Why Fixing Resistance In Change Has Failed—
And What To Do Instead: PART THREE (Co-Creation)
In Parts 1 and 2, we discovered that while change management has historically focused on smart ways to fix issues of resistance in change projects, prevention was a better solution. We learned from change management expert Paul Brand’s many years of field experience that prevention of resistance is best accomplished through inclusion via the co-creation process.
Resistance therefore altered in perception from being a ‘bad’ thing to being an indicator that co-creation laws had been violated and people were feeling excluded. They had not thought the thought, and therefore felt no involvement in the transformation. In fact, they frequently resented the intrusion from above.
Reduced Resistance In Change Management Comes From Co-Creation
Recalling the imagination and materialization steps in the creation process, the solution is to allow these stakeholders to participate in co-creative activity. As they participate in creation and materialization, resistance will dissipate. The only true solution is inclusion. Since those previously displaying resistance have been and remain highly interested in the transformation, they may even become ambassadors for it.
Looking closely at co-materialization, what occurs is a group of people transform the ideas they generated themselves into their reality. By whom, how, where and when are key factors to identify during the creation process. Working together to develop the plan is a requirement. Without doing so, actions will be assigned to people who have not thought of them—thereby violating the co-creation process.
When an individual has thought of an action that is even frightening or unpleasant, the surprising result is little resistance occurs. The action is now a straightforward thing to do. However, if sufficient resistance accrues against a specific materialization, the act of co-creation will determine another action to be implemented.
Resistance: The Blessing In Disguise
People can state that the desired results of a change project are unrealistic or impossible. Perhaps actions intended to produce a specific result have not brought that conclusion any closer. This can be frustrating, to the point where cessation of activity and questioning of the overall goal of the change may occur. When resistance is encountered blocking implementation of planned actions, it may be a blessing in disguise, however.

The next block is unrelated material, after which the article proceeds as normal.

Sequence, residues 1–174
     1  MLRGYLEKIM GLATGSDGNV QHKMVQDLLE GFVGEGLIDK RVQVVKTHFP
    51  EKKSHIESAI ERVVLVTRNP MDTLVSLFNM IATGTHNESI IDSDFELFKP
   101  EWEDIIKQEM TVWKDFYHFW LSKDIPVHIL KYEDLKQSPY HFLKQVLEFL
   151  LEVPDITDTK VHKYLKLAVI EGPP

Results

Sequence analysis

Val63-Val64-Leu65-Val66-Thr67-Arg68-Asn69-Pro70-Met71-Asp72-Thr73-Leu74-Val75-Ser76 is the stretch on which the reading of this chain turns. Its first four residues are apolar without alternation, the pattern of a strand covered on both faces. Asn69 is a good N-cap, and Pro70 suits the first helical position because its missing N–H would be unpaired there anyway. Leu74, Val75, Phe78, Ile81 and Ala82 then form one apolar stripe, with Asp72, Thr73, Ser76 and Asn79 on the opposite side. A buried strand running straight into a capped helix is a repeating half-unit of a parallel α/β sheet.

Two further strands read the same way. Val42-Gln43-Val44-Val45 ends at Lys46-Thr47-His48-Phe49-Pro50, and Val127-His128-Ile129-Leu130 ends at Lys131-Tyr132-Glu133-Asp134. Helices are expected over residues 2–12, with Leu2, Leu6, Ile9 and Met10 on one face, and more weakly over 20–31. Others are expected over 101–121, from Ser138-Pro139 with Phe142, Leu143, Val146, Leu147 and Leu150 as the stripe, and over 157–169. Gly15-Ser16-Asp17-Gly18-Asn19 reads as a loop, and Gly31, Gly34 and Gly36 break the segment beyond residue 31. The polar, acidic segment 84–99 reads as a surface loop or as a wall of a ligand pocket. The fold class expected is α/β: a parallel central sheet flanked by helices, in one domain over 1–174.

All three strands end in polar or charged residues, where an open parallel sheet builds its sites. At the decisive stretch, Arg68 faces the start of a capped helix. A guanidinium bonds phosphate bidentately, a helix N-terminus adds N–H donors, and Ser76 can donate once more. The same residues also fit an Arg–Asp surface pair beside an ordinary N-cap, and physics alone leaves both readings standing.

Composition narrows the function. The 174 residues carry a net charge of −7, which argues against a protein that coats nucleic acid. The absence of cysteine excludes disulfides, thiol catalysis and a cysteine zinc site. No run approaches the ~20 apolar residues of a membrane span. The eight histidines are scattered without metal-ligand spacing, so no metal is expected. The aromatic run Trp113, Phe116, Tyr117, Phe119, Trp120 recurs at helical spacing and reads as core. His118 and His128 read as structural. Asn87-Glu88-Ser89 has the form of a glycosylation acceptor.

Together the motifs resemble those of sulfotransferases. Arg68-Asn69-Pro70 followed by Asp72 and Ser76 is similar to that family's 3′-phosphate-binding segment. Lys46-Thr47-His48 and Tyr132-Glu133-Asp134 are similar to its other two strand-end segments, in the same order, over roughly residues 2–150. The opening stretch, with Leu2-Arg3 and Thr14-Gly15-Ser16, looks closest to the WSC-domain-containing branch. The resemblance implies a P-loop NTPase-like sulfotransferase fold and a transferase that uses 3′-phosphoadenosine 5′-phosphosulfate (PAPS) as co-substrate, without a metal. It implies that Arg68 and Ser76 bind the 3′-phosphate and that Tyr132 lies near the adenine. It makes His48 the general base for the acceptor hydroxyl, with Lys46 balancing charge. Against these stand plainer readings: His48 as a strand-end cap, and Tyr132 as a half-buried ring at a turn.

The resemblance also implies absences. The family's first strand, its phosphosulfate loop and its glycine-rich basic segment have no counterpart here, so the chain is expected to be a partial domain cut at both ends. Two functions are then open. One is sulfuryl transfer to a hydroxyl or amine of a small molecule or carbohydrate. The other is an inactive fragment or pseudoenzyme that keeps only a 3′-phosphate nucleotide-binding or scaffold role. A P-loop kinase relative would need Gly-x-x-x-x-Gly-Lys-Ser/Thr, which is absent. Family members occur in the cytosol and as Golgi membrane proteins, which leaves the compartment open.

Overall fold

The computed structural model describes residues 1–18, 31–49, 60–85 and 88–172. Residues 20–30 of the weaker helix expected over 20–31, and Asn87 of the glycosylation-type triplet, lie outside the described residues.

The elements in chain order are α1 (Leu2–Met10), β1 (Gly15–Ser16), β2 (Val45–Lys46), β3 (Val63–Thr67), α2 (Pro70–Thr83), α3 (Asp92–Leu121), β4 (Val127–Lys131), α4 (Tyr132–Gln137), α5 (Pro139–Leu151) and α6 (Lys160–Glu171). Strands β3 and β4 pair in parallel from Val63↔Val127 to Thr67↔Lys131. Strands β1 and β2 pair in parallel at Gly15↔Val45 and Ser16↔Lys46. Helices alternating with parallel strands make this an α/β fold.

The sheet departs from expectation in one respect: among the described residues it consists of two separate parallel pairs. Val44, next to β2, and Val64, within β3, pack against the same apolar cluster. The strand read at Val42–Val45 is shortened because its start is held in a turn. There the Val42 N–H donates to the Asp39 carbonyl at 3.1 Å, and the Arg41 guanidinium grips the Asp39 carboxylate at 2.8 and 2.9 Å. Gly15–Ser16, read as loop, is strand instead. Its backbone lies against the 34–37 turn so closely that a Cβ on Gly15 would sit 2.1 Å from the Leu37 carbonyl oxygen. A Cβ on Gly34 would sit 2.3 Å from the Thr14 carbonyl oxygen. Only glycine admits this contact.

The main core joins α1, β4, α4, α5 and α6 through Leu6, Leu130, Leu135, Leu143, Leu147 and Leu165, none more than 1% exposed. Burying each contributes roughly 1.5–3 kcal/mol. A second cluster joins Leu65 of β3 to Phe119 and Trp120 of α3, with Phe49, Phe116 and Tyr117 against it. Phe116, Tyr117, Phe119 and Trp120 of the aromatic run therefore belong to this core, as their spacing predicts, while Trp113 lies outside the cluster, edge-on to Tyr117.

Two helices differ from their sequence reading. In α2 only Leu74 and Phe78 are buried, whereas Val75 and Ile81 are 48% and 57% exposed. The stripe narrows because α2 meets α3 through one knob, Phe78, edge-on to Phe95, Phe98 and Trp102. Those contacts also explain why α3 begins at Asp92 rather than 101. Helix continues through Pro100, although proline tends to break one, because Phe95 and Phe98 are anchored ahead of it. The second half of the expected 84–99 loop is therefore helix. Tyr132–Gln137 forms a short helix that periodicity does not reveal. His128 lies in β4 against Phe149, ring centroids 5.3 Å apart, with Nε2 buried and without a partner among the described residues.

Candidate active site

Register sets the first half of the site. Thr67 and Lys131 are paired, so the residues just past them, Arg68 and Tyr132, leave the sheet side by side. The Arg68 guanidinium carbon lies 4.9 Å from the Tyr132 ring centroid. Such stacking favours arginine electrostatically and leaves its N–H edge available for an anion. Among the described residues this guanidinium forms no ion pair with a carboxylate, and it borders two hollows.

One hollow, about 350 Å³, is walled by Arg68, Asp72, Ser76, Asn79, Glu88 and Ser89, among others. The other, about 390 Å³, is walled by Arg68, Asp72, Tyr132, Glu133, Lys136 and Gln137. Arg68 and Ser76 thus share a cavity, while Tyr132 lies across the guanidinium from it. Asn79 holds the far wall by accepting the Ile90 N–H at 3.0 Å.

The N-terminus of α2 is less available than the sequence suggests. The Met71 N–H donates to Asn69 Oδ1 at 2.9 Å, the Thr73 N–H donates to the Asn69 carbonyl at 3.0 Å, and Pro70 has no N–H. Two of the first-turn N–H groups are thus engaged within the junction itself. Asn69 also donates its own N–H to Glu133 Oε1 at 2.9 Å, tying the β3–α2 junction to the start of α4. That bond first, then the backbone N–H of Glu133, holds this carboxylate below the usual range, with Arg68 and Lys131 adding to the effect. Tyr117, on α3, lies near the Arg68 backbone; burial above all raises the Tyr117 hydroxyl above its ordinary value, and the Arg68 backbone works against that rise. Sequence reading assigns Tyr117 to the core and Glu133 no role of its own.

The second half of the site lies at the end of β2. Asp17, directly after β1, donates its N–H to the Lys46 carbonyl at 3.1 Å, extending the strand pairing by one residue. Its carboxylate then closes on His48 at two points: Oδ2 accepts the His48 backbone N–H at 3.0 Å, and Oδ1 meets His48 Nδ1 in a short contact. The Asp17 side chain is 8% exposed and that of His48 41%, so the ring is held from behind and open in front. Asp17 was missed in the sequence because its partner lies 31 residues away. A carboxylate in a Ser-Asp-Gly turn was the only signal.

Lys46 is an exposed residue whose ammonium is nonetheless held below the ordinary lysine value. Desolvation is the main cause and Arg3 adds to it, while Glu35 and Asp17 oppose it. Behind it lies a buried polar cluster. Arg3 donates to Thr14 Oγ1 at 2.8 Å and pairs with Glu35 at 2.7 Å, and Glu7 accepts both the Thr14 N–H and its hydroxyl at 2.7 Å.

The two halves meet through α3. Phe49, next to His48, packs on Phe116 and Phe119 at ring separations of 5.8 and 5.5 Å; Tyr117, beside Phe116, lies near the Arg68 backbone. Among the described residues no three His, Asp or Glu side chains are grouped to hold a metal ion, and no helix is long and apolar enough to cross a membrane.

The blessing in disguise given by resistance is contrast. This contrast can provide indicators about where and how the creation needs to be refined to make it perfect for the situation. Clarity is key in change management initiatives. Instead of viewing resistance in change as a criticism, embrace it as input on how to optimize your change. View it as a welcome ingredient in the process of co-creation and successful change.
When friction and resistance is occurring between the executive level, line managers, and front line staff, co-creation consistently diffuses these symptoms. Should an organization that has traditionally conducted business through a top-down strategy suddenly and completely switch to a co-creative approach? Probably not. Gradual introduction of inclusion going forward is likely the best path of implementation. This is an alteration which should be made following substantial deliberation.
The idea that resistance in change is something that must be fixed, and that effort should be focused on finding smart ways to correct resistance, has been central to managing change. However, prevention is a better result and through the approach of co-creation the impact of inclusion will be felt positively all through the organization. This leads to much smoother implementations and transformations. Read more about Co-Creation here.
Paul Brand is a management consultant working with global blue chip organizations such as Shell, Heineken, Sony, ABN AMRO Bank, Ahold, and EON. Evolving from an operations perspective, Paul’s focus moved into providing specific expertise on growing and nurturing the innate ability to change.
Paul leads organizations through the confusion of change management from “just another management methodology” to the understanding that change management is about the development of people. With his book, Change Your Mind, Change Your Business, Paul’s purpose is to dispel the common misunderstanding and even negativity surrounding change management, and how you can begin successfully applying it in your own environment.
For a free assessment of your own change management skill set, and more information about Paul’s book, Change Your Mind, Change Your Business, click here.